Running Programs Not On List

Discussion in 'Linux & BSD' started by Bman, Mar 9, 2004.

  1. Bman

    Bman OSNN Veteran Original

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    Hey, I know I have had alot of questions latly but yea. You all know that big list of windows programs and Linux replacments. Well what If I was to install something thats not on the list, lets say "NFS Underground" or a program that is on the list but dosent run for linux. What would happen, would it just not open or what?
     
  2. Geffy

    Geffy Moderator Folding Team

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    software compiled for use on Windows wont really work on anything except windows unless you are using an emulator
     
  3. NetRyder

    NetRyder Tech Junkie Folding Team

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    As Geffy stated, binaries for Linux are completely different from Windows executables. It is possible to run several Windows applications in Linux using emulators like Wine and WineX, but you need to install and configure them first, and it doesn't always work as intended on the first try.

    If you're thinking of trying Linux, but still want to be able to play games like NFS, I'd suggest using a dual-boot set up, so that you can use Windows when you want to run games, and Linux for other purposes.
     
  4. Bman

    Bman OSNN Veteran Original

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    mmm..I gotta think about that one! Sounds like a good Idea. I'll get back to you guys and then if I decide to do that, I will need help doing the dual-boot thing....
     
  5. Bman

    Bman OSNN Veteran Original

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    Ok, I'm back and I think I want to do the dual-boot. How am I going to get at this, where do I start.....
     
  6. NetRyder

    NetRyder Tech Junkie Folding Team

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    I assume you've decided to go with Redhat? If so, here's a fairly recently updated tutorial on how to get a Redhat/XP dual boot system set up. I just had a look at it, and it's easy enough to follow. Saves me the effort of writing out quite a bit ;) If you still have questions after reading it though, feel free to ask!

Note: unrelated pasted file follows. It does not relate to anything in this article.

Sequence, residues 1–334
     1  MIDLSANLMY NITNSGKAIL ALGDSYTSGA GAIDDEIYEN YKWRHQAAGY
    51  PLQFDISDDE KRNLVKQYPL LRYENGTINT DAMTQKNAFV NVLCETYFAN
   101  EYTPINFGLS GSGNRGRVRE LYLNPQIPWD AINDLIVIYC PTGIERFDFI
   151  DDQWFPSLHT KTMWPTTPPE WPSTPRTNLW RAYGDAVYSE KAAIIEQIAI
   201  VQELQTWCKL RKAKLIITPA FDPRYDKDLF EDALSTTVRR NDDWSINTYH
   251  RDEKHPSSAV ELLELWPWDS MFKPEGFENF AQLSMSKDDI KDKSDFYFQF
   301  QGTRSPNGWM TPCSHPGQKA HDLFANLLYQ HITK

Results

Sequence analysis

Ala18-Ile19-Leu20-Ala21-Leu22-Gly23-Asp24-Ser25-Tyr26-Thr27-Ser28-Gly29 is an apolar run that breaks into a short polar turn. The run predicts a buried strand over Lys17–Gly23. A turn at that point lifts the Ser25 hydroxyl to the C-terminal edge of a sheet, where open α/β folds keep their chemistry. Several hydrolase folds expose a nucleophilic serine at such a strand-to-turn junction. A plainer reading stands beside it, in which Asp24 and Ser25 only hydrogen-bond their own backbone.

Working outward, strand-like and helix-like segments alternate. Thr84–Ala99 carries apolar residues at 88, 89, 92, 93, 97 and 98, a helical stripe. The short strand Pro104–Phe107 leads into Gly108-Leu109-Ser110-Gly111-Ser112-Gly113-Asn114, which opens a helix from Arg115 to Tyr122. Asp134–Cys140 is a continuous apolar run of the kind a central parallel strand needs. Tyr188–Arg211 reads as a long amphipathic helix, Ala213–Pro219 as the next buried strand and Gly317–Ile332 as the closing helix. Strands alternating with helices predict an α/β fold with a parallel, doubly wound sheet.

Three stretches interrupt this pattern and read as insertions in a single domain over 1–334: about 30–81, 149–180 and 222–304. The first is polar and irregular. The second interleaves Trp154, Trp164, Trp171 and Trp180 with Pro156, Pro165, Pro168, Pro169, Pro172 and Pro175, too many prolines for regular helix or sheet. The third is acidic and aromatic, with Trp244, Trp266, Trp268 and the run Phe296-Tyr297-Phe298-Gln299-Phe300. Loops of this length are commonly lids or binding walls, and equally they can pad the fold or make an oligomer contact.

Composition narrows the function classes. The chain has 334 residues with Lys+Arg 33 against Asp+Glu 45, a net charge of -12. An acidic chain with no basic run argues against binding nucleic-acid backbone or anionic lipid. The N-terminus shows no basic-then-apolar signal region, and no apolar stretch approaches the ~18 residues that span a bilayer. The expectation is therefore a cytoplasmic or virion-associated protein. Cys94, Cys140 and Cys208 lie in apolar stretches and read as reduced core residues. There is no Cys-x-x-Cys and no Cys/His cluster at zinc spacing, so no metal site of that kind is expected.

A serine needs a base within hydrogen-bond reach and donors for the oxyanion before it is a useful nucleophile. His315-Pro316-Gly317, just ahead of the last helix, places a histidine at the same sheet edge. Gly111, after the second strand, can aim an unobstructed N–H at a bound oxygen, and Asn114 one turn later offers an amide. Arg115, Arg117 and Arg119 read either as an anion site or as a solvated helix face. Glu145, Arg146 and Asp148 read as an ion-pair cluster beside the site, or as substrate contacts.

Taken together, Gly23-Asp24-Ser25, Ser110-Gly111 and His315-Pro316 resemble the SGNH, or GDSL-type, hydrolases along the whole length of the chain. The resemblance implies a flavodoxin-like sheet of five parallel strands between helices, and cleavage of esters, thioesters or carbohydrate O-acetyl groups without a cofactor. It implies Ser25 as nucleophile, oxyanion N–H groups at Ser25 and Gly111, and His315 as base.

If you're installing both operating systems on a single hard disk, you might want to use Partition Magic to non-destructively resize your Windows partition to make space for the Linux partitions. The Linux partitions can then be created during setup, as explained in the tutorial.
    http://www.overclockersclub.com/guides/dual_boot_fedora_xp.php

    Good luck! :)
     
  7. Bman

    Bman OSNN Veteran Original

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    Ok, I just started reading through it and at one point, it finially gets to the installing on the harddrives, but it is talking about having 2 hard drives, I want to have both Linux and Windows on one?..
     
  8. vern

    vern Dominus Political User Folding Team

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    You can have both Linux and Windows on one HD, if it was partitioned into two partitions. I would personally install windows on the primary drive and Linux on the secondary drive and then use Lilo as a boot manager. Windows likes to be the primary drive, so let it.
     
  9. Bman

    Bman OSNN Veteran Original

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    Are u still talking about letting Windows be prime on the 2 drives, or on the one?

    Maybe I need a tutorial on how to partion to have 2..
     
  10. vern

    vern Dominus Political User Folding Team

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    I'm talking about Windows being on the first partition on the primary drive.
     
  11. NetRyder

    NetRyder Tech Junkie Folding Team

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    It's quite easy. I assume you already have Windows, and you want to keep your existing setup. You will need something like Partition Magic to non-destructively resize your Windows partition.

    Now lets say your physical hard drive contains 80GB, of which everything is currently one big Windows partition. What you want to do is think of how much space you want to reserve for Linux (this depends on how much software you'll be installing for it...I'd say go for at least 5-10GB if you have a moderately large hard disk). So if you decide you want 5GB for Linux, resize your Windows partition to 75 GB using Partition Magic. This will remain the primary partition, and you will be left with 5GB of unpartitioned free space at the end of the drive.

    Next, boot up using the bootable Linux installation CD. Somewhere along the setup process, you will come to a menu that asks you to create partitions for your Linux installation. This is where you think of the 5 GB of unpartitioned free space at the end of the drive as a separate hard disk, although it really isn't. Create your Linux / (root) partition and the swap partition within the 5GB of space. DO NOT MODIFY THE 75GB PARTITION THAT CONTAINS WINDOWS.

    After that, pretty much everything works the same way as in the tutorial I mentioned earlier. Hope that helped. Good luck :)